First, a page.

12National Savings, Investment and Current Account The country where investment greater than saving, spending greater than income, has a current account deficit.The country where saving greater than investment, income greater than spending, has a current account surplus.
13The World’s Largest Debtor September 10, 1985 US became a debtor nationIn 1982 US reached its all-time high as a net creditor ($147 billion)By 1985 US had massive current account deficits and corresponding capital account surplusesOn September 1985, the U.S. Commerce department announced that the United States was a debtor nation for the first time since world war I.The magnitude of current account deficit in 1985 and 1986 made the U.S. the largest international debtor in the world with debt exceeding Mexico and Brazil.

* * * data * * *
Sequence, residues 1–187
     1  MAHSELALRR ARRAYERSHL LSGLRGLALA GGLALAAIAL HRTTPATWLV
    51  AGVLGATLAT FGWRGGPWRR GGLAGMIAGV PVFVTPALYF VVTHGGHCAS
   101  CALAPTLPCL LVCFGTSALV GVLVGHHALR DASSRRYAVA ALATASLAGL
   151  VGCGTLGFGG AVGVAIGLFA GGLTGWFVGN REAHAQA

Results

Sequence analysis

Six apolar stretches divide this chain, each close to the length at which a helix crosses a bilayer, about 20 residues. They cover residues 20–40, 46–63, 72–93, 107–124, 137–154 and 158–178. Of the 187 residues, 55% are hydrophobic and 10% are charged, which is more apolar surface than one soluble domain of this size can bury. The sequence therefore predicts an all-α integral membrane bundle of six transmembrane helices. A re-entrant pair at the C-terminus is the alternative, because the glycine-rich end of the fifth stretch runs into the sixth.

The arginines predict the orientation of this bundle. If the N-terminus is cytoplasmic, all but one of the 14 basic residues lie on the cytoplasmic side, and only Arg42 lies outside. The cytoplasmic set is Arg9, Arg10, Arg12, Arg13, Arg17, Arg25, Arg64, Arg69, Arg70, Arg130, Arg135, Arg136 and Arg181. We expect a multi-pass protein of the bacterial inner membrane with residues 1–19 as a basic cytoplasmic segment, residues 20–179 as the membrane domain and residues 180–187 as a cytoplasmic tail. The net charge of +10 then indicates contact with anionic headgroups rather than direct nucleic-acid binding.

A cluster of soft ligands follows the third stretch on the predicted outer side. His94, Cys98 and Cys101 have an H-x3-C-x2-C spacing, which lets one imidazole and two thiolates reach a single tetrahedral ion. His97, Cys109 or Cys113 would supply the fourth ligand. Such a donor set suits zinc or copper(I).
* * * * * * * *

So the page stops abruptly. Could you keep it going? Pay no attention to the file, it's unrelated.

14The World’s Largest Debtor To consume more at home then is produced, the US must borrow from abroadUS borrowed at high levelLarge reduction in US foreign lendingUS federal budget deficits made lending at home more attractive
15The World’s Largest Debtor What can change this position?If dollar-denominated assets are no longer desired, dollar will tend to depreciate, interest rates will fallCapital account surplus will equal to falling current account deficitUS will become a net lender
16Additional Summary Measures Balance-of-merchandise tradeOfficial settlements balance is the value of the change in financial assets held by foreign monetary agencies and official reserve asset transactions
17Transactions classification 1)US bank makes a loan of $1 million to a Romanian food processor. This loan is funded by creating $1 million deposit for the Romanian firm in the US bank2)US firm sells $1 million worth of wheat to the Romanian firm. The wheat is paid with the bank account created in transaction 13)US resident receives $10,000 in interest from German bonds she owned. The $10,000 is deposited in a German bank4) A US tourist travels to Europe and spends the $10,000 German deposit
18Balance of Payments Credit (+) Debit (-) Net Bal. Merchandise $1 mil (2)Services10,000 (4)Income10,000(3)Unilateral transfersCurrent account$+1 milOfficial capitalPrivate capital$1 mil (1)10,000 (3)Totals$2,020,000